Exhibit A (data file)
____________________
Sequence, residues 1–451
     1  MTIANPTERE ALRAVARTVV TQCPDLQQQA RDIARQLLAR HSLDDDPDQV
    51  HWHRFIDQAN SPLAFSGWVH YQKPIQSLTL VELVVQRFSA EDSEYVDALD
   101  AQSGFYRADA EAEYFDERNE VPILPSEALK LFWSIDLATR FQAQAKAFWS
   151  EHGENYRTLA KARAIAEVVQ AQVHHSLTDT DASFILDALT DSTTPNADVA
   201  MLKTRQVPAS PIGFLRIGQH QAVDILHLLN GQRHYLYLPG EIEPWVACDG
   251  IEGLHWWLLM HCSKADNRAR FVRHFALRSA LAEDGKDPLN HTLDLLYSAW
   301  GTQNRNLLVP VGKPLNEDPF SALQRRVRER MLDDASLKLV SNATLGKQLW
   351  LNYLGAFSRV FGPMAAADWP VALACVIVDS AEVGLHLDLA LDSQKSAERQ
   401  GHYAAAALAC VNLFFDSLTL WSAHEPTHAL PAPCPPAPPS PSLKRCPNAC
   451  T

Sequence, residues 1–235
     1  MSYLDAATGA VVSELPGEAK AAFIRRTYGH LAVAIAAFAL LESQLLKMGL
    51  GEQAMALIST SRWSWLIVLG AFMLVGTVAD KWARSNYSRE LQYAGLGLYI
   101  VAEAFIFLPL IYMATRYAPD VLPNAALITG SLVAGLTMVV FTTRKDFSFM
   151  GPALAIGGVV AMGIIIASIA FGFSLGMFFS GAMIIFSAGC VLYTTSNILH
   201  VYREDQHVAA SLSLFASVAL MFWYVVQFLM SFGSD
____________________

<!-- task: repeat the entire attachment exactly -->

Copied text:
Sequence, residues 1–451
     1  MTIANPTERE ALRAVARTVV TQCPDLQQQA RDIARQLLAR HSLDDDPDQV
    51  HWHRFIDQAN SPLAFSGWVH YQKPIQSLTL VELVVQRFSA EDSEYVDALD
   101  AQSGFYRADA EAEYFDERNE VPILPSEALK LFWSIDLATR FQAQAKAFWS
   151  EHGENYRTLA KARAIAEVVQ AQVHHSLTDT DASFILDALT DSTTPNADVA
   201  MLKTRQVPAS PIGFLRIGQH QAVDILHLLN GQRHYLYLPG EIEPWVACDG
   251  IEGLHWWLLM HCSKADNRAR FVRHFALRSA LAEDGKDPLN HTLDLLYSAW
   301  GTQNRNLLVP VGKPLNEDPF SALQRRVRER MLDDASLKLV SNATLGKQLW
   351  LNYLGAFSRV FGPMAAADWP VALACVIVDS AEVGLHLDLA LDSQKSAERQ
   401  GHYAAAALAC VNLFFDSLTL WSAHEPTHAL PAPCPPAPPS PSLKRCPNAC
   451  T

Sequence, residues 1–235
     1  MSYLDAATGA VVSELPGEAK AAFIRRTYGH LAVAIAAFAL LESQLLKMGL
    51  GEQAMALIST SRWSWLIVLG AFMLVGTVAD KWARSNYSRE LQYAGLGLYI
   101  VAEAFIFLPL IYMATRYAPD VLPNAALITG SLVAGLTMVV FTTRKDFSFM
   151  GPALAIGGVV AMGIIIASIA FGFSLGMFFS GAMIIFSAGC VLYTTSNILH
   201  VYREDQHVAA SLSLFASVAL MFWYVVQFLM SFGSD